Caring for someone with bipolar disorder
Bipolar disorder is a mental illness where an individual experiences extreme mood swings – from high to low, and low to high. These phases of mania and depression eventually can also take a toll on a caregiver.
What a caregiver should know about dealing with bipolar disorder
Given the unpredictable nature of someone suffering from bipolar disorder, a caregiver has to learn to expect the unexpected. Their mind constantly appears to be in the fight-flight-freeze response mode (a stress response that helps one react to perceived threats). As a result, they are also likely to experience trauma and may also need counseling and therapy. Reaching out to a support group of caregivers can also make a difference according to clinical psychologist Seema Hingorani. Below, she shares some pointers that a caregiver should keep in mind.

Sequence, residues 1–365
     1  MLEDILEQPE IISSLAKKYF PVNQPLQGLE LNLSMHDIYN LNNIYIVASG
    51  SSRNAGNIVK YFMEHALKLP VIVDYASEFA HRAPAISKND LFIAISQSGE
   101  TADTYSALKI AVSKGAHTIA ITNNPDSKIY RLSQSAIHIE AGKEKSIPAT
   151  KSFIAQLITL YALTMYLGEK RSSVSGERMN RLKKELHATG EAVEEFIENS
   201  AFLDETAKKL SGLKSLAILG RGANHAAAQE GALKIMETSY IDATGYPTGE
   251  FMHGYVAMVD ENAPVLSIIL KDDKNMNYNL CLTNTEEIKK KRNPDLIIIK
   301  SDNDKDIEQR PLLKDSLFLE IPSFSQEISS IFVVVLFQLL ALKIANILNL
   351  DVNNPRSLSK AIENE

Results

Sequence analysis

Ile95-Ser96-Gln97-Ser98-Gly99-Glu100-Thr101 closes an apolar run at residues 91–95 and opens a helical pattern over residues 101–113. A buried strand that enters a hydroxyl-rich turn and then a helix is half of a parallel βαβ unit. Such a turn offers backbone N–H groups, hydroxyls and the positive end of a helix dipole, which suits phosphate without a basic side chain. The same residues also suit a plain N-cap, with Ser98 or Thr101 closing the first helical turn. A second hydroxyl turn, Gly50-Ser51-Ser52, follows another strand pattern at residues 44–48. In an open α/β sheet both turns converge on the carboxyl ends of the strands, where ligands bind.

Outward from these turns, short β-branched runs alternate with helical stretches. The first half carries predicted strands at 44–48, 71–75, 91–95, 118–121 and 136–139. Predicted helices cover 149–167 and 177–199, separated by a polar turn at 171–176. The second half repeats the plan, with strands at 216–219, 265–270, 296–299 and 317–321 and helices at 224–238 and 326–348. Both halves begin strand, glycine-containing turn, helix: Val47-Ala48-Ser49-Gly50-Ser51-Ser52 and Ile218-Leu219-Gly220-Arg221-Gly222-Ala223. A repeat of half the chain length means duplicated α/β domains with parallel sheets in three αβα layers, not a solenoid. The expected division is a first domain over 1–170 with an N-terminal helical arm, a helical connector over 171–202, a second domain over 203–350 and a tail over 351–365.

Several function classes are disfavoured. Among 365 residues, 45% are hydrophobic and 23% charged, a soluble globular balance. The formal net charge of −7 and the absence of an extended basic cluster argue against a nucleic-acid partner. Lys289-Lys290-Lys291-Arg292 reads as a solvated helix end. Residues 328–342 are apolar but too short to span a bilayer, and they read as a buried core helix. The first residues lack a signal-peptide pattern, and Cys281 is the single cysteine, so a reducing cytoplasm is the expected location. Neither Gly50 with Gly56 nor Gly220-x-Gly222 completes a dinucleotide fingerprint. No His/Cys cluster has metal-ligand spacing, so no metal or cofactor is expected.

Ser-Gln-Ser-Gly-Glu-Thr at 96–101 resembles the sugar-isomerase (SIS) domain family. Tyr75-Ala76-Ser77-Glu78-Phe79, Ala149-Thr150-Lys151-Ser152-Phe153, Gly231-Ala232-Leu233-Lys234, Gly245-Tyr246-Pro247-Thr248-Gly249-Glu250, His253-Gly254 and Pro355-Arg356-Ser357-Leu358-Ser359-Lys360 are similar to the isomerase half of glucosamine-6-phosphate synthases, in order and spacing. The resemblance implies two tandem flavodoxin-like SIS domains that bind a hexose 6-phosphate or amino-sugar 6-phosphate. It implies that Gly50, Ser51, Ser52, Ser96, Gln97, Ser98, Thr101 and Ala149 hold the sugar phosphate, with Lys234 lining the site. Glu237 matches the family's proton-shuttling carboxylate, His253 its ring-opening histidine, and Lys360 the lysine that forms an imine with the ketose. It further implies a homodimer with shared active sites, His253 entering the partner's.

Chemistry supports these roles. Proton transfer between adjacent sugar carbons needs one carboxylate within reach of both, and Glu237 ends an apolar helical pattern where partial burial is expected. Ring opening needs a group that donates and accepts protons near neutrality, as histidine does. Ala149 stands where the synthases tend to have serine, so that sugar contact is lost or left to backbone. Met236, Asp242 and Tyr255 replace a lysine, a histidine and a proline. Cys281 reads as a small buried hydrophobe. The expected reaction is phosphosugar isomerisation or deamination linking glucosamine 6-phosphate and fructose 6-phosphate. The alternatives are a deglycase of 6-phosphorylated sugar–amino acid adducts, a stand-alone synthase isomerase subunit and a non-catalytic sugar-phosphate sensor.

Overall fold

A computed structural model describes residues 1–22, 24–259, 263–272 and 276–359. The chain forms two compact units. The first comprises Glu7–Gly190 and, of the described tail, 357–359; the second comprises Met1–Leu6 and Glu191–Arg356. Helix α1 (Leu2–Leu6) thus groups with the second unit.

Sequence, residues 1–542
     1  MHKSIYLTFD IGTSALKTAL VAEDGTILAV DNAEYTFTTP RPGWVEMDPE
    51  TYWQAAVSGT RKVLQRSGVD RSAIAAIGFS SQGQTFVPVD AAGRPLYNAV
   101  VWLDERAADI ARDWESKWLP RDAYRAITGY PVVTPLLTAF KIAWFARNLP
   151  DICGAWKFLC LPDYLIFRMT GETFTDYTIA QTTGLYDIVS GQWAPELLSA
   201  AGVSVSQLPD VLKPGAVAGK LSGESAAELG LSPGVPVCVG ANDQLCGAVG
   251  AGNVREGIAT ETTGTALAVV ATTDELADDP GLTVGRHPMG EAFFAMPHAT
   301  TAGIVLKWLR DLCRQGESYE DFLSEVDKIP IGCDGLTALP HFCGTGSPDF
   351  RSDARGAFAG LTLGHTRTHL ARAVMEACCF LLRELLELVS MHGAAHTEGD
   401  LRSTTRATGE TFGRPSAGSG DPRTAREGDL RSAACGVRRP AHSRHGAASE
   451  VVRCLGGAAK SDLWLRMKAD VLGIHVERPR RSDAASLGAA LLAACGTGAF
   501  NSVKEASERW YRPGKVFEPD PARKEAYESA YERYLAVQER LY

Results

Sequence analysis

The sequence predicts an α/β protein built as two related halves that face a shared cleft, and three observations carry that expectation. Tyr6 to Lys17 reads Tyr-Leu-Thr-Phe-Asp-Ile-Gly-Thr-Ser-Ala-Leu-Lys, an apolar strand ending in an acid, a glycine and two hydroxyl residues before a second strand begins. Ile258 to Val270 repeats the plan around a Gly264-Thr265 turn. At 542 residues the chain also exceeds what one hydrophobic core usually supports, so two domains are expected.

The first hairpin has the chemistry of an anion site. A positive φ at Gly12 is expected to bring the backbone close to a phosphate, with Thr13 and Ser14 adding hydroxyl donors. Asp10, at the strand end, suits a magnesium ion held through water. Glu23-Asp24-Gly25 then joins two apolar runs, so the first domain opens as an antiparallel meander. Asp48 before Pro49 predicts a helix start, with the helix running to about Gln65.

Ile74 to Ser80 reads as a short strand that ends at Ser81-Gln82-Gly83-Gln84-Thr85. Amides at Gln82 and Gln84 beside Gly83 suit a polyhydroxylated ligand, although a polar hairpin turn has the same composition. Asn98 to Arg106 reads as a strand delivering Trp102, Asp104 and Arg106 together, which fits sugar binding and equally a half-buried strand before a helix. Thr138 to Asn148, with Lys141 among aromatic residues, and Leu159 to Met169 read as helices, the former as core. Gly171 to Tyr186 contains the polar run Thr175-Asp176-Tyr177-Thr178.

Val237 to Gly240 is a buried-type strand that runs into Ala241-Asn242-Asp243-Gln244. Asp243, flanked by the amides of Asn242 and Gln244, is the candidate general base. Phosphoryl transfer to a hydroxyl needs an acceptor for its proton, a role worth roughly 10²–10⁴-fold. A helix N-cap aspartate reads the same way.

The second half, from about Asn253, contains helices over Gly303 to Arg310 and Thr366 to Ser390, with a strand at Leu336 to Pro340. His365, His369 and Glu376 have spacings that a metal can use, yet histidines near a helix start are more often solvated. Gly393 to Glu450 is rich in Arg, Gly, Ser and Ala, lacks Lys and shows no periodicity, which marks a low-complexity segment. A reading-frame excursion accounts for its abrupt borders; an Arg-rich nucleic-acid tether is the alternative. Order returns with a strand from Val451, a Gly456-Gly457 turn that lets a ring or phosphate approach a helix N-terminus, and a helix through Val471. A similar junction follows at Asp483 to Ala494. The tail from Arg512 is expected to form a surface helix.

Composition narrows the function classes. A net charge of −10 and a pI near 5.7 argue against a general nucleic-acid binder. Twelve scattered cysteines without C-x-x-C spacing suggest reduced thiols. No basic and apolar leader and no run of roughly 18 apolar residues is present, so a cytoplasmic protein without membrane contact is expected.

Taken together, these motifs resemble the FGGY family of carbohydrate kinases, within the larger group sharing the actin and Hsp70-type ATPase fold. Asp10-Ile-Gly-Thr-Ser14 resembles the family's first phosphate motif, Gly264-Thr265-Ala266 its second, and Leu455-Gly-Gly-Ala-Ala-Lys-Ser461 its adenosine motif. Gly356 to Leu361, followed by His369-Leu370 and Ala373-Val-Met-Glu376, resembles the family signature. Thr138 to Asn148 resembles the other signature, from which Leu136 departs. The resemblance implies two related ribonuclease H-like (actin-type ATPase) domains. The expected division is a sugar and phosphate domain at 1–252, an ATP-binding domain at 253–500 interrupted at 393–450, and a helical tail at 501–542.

- Get an expert to diagnose the condition
Even if you suspect that the person you are caring for is suffering from bipolar disorder, ensure you approach a mental health expert to get the condition diagnosed.
- Draw boundaries with them but avoid getting into arguments
This is easier said than done. However, it’s vital that you draw boundaries and avoid arguments with someone suffering from bipolar disorder. Don’t make this about yourself, and avoid lashing out at them.
- Don’t call them names in anger
You have to learn to keep calm, and avoid calling them names and blaming their mental condition for their mood swings. Understand that this is something they have no control over.
- Ensure that they do not avoid therapy or prescribed medication
It’s vital that an individual suffering from bipolar disorder goes to therapy, and takes the medication prescribed.
- If you find yourself getting agitated or triggered step out for a while
Taking yourself away from a tense situation, going for a walk for a bit, can help you calm down.
- Seek therapy and support if you need it
Caring for a loved suffering from a mental illness can take a toll on you physically and emotionally. Hence, it’s important to join a support group and to seek individual therapy to help you cope better.